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Delight as MPs back car smoking ban

Campaigners have welcomed plans backed by MPs which could save h undreds of thousands of children from being exposed to second-hand smoke in cars.

Leading medical charities said they were "delighted" that Parliament voted in favour of paving the way for for legislation which could outlaw smoking in vehicles carrying children.

The Commons gave the Health Secretary the power to impose a ban despite the opposition of some MPs, including leading members of the Cabinet.

Ministers were granted a free vote on the measure - successfully introduced by Labour in a House of Lords amendment to the Children and Families Bill - meaning they were not tied to a party line.

The British Medical Association (BMA), which has campaigned for a ban since 2011, said the vote was an "important step forward in reducing tobacco harm".

Dr Penny Woods, chief executive of the British Lung Foundation, said: "Having campaigned on this issue for many years, we're absolutely delighted that MPs have backed the ban on smoking in cars carrying children.

"This could prove a great leap forward for the health of our nation's children.

"The introduction of a law that would help prevent hundreds of thousands of children from being exposed to second-hand smoke in the car is now within reach.

"With both Houses of Parliament having made their support for the ban clear, the onus is now on the Government to act accordingly and make this crucial child protection measure law at the earliest opportunity."

The charity estimates that in England more than 430,000 children aged 11 to 15 are exposed to second-hand smoke in cars every week.

Research published by the organisation last year concluded that 185,000 children of the same age are exposed to smoke while in the family car on "most days", if not every day.

Deborah Arnott, chief executive of health charity Ash (Action on Smoking and Health) described the vote as "an historic victory for Parliament and for children's health".

Tory and Liberal Democrat MPs joined forces with Labour MPs to approve the ban by 376 votes to 107, majority 269.

Prime Minister David Cameron missed the vote while visiting flood-stricken areas in the south west.

Mr Cameron's official spokesman declined to say which way the Prime Minister would have voted had he been able to attend Parliament.

But he told a regular Westminster media briefing: "While he understands the concerns that some have expressed, his view is that the time for this kind of approach has come."

Health Secretary Jeremy Hunt was in favour of the move, together with Chancellor George Osborne, Chief Secretary Danny Alexander, Defence Secretary Philip Hammond and Education Secretary Michael Gove, International Development Secretary Justine Greening, Scotland Secretary Alistair Carmichael and Energy Secretary Ed Davey.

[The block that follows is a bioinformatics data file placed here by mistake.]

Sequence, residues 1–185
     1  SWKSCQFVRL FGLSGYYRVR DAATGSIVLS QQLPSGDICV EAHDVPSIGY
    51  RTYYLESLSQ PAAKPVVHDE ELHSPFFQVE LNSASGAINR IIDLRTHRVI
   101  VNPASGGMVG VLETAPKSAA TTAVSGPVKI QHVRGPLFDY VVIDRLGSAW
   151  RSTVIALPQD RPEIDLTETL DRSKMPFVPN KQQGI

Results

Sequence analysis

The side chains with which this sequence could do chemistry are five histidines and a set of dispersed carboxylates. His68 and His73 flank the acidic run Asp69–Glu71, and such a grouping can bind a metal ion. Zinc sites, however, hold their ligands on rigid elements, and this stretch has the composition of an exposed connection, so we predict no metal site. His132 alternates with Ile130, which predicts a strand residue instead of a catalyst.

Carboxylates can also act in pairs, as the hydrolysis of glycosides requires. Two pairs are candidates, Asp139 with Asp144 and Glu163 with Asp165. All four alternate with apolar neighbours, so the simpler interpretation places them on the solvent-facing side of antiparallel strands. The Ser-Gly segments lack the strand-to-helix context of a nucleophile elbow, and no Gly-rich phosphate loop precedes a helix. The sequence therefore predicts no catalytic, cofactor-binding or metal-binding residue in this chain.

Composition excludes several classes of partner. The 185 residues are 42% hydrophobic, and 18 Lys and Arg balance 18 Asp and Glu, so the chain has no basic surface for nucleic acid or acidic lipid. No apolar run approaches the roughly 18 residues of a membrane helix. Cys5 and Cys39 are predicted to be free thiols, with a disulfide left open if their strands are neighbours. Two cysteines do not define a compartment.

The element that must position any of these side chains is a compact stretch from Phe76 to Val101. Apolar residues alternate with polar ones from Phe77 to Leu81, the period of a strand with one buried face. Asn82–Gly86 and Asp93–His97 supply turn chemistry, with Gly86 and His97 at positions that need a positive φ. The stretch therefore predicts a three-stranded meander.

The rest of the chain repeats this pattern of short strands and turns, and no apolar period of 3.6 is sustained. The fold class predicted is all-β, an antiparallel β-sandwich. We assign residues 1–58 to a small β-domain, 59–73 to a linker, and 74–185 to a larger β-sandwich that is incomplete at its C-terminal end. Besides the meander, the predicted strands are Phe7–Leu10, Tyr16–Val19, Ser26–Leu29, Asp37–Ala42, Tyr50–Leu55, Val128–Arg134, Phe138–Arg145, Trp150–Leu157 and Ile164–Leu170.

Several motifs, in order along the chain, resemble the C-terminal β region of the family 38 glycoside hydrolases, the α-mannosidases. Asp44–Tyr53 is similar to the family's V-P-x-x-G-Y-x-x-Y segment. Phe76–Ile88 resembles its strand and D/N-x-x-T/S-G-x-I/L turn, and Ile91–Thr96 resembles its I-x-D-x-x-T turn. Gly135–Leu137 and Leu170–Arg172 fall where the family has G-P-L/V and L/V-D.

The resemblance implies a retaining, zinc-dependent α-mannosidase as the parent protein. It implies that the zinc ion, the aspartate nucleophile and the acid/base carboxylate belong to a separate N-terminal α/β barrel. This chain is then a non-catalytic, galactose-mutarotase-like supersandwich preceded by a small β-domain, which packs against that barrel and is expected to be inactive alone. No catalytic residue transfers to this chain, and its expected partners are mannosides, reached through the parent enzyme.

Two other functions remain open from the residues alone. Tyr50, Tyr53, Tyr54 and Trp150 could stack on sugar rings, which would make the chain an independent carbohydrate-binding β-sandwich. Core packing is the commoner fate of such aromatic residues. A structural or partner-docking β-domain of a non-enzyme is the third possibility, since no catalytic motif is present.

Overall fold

Justice Secretary Chris Grayling was in the "no" camp of those who said it was unenforceable.

Home Secretary Theresa May, Work and Pensions Secretary Iain Duncan Smith and Northern Ireland Secretary Theresa Villiers also opposed the ban.

Deputy Prime Minister Nick Clegg missed the vote but has spoken out against attempts to "sub-contract responsible parenting to the state".

Also missing were Foreign Secretary William Hague, Business Secretary Vince Cable, Communities Secretary Eric Pickles, Environment Secretary Owen Paterson, who is out recovering from eye surgery, Transport Secretary Patrick McLoughlin, Culture Secretary Maria Miller and Wales Secretary David Jones.

Shadow public health minister Luciana Berger welcomed the result as a "great victory for child health" but warned ministers not to "kick this into the long grass".

But pro-smoking groups branded the move as an "unnecessary intrusion".

Simon Clark, director of the smokers' group Forest, said he was "disappointed but not surprised" by the decision and accused the Government of being "spineless".

He added: "Legislation will have very little impact because so few adults still smoke in cars carrying children. Those that do will carry on because it will be very difficult to enforce.

"Government has banned smoking in public places. Now they're going to ban it in a private place. The home will be next."

Health Minister Jane Ellison told MPs the success of a smoking ban in cars carrying children will not be measured by the number of times the police enforce it.

Instead, she said, its success would be gauged by the reduction in exposure to second-hand smoke.

AA president Edmund King said: "As has been the case with enforcing the ban on hand-held phones while driving, campaigns and legislation have been shown to reduce illegal behaviour afterwards. If a new law manages to make more adults think twice before lighting up with the kids on board, it will have helped."

A Department of Health spokesman said: "Second-hand smoke is harmful to children and it is right that this has been debated in Parliament. We will now determine how this amendment should be taken forward."

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